Nah, I’m still a fan.

(Side note: do you know what happened to Mallory? Her story line got a bit weird later on! She ended up participating in this ‘students-teach-students’ kind of program at Stoneybrook Middle School – what school does this?- and, in true Mallory fashion, messed it up. Her cruel-but-kinda-accurate name was Spaz-Girl! She got hella depressed about school and decided to apply at a boarding school. And she was accepted there on a scholarship. Which is good, because she has eighty-billion siblings and I can’t see Mr. & Mrs. Pike being OK with forking over a crap-ton of money for ol’ Mal’s education. Anyway, then she went off to boarding school, never to be heard from again, except on one of the seventy-four summer vacations the BSC enjoyed over their two-year friendship).

Anyway, here’s what I love about the BSC:

  1. The outfits. These are SO quintessentially eighties-early-nineties that it HURTS. Claudia dressed like it was Halloween every damn day, and no matter what kind of crazy nonsense she wore, it “would’ve looked insane on anyone else, but on Claudia the outfit just worked.” Did it, Ann M? Did it REALLY?
  2. The timelines. OK, so you went to California, Hawaii, New York, summer camp, a trip across the USA, multiple Sea City visits and a few more New York and California trips just for kicks in TWO years? Dude, when did you go to school? There are SO many summer/spring/winter vacations over the course of the series. I think they literally just gave up when it came to making any sense of what happened when.
  3. The wacky-near-impossible stories (especially the mysteries) intermixed with the super-boring, nothing really happens books.
  4. The misunderstandings that could’ve been SO EASILY RESOLVED by talking to an adult (I’m looking at you, Claudia and the Great Search. If you thought you were adopted, C-Kish, why didn’t you ask your parents?)
  5. The candy. The hiding of candy around Claudia’s room. Candy in general.
  6. The fact that almost everyone’s dad was named John. It’s kind of weird, but true! Other than Watson, I think most of the dads were John.
  7. The ghostwriters and their fairly obvious styles. They all TRIED to sound like the OG, Ann M. Martin, but their voices were quite distinct. No matter, I would’ve read the BSC written by Stephen King as long as it had a Claudia outfit description in it.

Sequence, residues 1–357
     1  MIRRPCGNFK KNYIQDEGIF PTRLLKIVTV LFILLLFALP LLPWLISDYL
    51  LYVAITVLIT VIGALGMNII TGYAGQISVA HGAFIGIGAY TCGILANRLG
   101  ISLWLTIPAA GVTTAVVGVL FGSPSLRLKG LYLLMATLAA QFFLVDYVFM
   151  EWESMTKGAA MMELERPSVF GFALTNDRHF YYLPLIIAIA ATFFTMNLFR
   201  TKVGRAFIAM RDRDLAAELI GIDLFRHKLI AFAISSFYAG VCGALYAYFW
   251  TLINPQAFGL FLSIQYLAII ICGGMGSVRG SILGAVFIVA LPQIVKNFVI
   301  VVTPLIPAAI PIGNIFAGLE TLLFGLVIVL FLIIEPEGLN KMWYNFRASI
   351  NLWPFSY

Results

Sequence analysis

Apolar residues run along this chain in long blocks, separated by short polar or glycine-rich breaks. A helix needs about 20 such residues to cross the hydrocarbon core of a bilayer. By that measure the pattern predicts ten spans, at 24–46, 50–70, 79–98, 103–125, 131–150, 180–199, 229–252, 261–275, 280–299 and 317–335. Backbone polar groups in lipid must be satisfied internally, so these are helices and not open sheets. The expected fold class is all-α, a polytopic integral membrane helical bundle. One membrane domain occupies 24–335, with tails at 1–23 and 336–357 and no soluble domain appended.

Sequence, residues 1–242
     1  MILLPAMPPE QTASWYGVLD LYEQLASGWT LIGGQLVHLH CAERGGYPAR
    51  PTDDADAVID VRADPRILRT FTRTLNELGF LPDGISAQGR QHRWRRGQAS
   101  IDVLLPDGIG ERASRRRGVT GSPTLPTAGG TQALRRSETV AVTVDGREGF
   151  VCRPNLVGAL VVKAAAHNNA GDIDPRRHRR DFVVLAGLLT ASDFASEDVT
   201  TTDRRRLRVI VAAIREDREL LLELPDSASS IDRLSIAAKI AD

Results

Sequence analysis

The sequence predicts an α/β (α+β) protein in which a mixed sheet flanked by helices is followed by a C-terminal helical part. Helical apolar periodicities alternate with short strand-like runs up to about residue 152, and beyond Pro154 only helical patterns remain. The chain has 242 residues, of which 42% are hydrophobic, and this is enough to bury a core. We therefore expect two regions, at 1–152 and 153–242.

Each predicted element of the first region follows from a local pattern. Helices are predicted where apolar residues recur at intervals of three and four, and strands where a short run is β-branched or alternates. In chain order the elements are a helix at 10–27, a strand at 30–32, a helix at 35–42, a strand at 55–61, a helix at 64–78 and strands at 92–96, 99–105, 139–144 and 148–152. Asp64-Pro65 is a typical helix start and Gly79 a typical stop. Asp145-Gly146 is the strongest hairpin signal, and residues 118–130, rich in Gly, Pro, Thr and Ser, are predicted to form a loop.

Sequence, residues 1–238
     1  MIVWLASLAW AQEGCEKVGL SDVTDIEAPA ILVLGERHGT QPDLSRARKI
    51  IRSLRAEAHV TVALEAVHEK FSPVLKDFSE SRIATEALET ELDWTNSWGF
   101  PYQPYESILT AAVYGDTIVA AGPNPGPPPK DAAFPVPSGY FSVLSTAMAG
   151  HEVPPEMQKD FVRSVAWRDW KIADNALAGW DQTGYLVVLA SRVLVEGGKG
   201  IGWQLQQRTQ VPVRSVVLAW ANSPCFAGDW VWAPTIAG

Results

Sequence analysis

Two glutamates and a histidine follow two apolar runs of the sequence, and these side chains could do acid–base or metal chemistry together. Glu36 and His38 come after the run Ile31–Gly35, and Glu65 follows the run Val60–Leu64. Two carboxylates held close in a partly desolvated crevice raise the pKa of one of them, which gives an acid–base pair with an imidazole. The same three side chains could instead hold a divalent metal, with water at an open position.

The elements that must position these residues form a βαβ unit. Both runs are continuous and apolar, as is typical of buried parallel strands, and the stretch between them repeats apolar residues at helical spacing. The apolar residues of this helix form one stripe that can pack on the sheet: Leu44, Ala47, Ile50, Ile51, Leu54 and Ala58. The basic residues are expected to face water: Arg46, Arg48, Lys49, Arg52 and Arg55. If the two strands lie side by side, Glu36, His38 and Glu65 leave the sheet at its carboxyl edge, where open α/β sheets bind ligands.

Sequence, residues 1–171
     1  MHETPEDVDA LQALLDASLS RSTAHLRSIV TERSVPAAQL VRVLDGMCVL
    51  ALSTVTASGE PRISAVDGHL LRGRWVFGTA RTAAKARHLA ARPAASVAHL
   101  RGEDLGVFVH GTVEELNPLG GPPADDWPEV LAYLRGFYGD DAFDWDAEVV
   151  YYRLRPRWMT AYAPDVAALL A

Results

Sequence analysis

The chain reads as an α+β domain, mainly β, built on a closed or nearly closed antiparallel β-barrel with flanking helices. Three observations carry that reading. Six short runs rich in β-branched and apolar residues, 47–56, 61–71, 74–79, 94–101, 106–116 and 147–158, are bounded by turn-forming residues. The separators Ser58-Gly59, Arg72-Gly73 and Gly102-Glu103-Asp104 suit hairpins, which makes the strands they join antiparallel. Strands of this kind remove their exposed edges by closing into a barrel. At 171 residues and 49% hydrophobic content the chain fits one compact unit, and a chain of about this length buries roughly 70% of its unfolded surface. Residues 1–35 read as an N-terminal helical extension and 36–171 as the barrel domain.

So I love the BSC. It’s in my blood, it’s in my past, it’s in my present, on my Kindle and, since Christmas, the graphic novels (illustrated by the ridiculously talented Raina Telgemeier) are on my shelf. Vivi has absconded with book 1 (Kristy’s Great Idea), but I’ve hidden The Truth About Stacey in my office for later reading.

I will read it and report back. All in the name of helping you, of course. Not because I love it dearly and am so happy to see Vivi as obsessed as I was.

Not at all. All for you.

Santa Bruce

 

Title: Santa Bruce
Author/Illustrator: Ryan T. Higgins
Published: Hyperion, 2018

 

Guys, how is it that Christmas is 13 days away? Less than TWO WEEKS! We’re finally TOTALLY ready. (I thought I was ready, then I remembered other people that I was going to see before the holiday…and we had to get a few gift cards for Vivi’s awesome teachers and…long story short, we were NOT done. But we are now!)

Anyway, we’ve been continuing our ‘let’s read about Christmas!’ tradition with this fantastic book: Santa Bruce! I told you I was going to hunt out all the other Bruce books, and I wasn’t kidding. I really like this one. Bruce’s surliness, his disdain for everyone and everything, the mice trying to persuade him to be Santa…it’s all good!

Here’s the story, in a nutshell:

Bruce normally skips Christmas by hibernating, but this year his family members (the mice and geese) want him to stay up. So he does. He is not exactly into the Christmas spirit, and he finds the weather nippy. So he wears long underwear and a hat (both red) and is immediately mistaken for the big man himself: Santa. With this case of mistaken identity comes a slew of forest animals and their holiday wishes. And then the forest animals’ parents, thanking Bruce for playing the role of St. Nick.